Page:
Jack, a 21-year-old Biological Sciences student at Cardiff University, introduces himself hiding a little smirk. He knows that I am going to ask him about Monk Seals and the bad luck he’s known for having when it comes to spotting them…

He is one of our long-term interns who arrived in August 2018 for his placement year, and has been working on the Marine Mammal team for six months. The team, mainly composed of students working towards degrees in marine sciences, biological sciences and marine conservation, takes part in surveys on cetaceans such as bottlenose and common dolphins, sperm whales, sea turtles and the Mediterranean Monk Seal.

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The work of the team aims to provide legislators, authorities and the local community with up-to-date data and information to enhance these species’ protection, as well as continuing to protect and map cetaceans in the north eastern Mediterranean Sea. With his departure scheduled for July, Jack is quite happy with the projects he has been part of, which have mainly been focused on the Mediterranean Monk Seal.
Very sadly, this species represents one of the most endangered marine mammals on the planet, with around 600 specimen left in our seas – mainly in the North-Eastern Aegean and the Mediterranean. 
The aim of this study is to monitor the presence, abundance and behaviour of Monk Seals in South Eastern Samos, in order to assess whether the habitats of the region is well-suited to their needs.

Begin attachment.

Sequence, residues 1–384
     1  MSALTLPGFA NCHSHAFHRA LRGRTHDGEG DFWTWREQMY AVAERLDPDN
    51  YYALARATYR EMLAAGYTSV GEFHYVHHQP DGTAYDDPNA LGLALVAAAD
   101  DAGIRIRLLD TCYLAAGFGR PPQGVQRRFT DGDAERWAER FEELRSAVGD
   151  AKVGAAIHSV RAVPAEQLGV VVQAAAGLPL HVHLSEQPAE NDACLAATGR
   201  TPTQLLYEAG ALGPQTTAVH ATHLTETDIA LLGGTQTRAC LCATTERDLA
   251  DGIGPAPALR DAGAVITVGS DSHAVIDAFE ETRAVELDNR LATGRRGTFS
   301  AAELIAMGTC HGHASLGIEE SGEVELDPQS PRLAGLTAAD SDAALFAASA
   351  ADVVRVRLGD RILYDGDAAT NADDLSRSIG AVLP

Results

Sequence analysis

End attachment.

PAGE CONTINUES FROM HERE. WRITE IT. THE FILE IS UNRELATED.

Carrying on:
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Jack assists Archipelagos staff in the coordination of other marine mammal team interns, as well as volunteers from other teams who might be interested in helping on surveys and widening their breadth of knowledge in conservation.

With the help of volunteers from the team, Jack carries out multiple roles, some being more dependent on the season than others.
During the warmer months he focuses on using GIS mapping skills to record habitats in the water, takes part in boat surveys and also contributes to land surveys.
During the cooler months, where there is less boat activity due to the unpredictable weather conditions, he has recently been writing up data from the monk seal surveys and joins boat surveys when the weather allows it. These activities allowed him to acquire some knowledge of QGIS, become familiar with different survey techniques and improve his organisational skills.

During the remaining five months of his internship he plans on bringing the current phase of the Monk Seal project to an end (or, at least, near its end) and helping with the rest of the Marine Mammal team.

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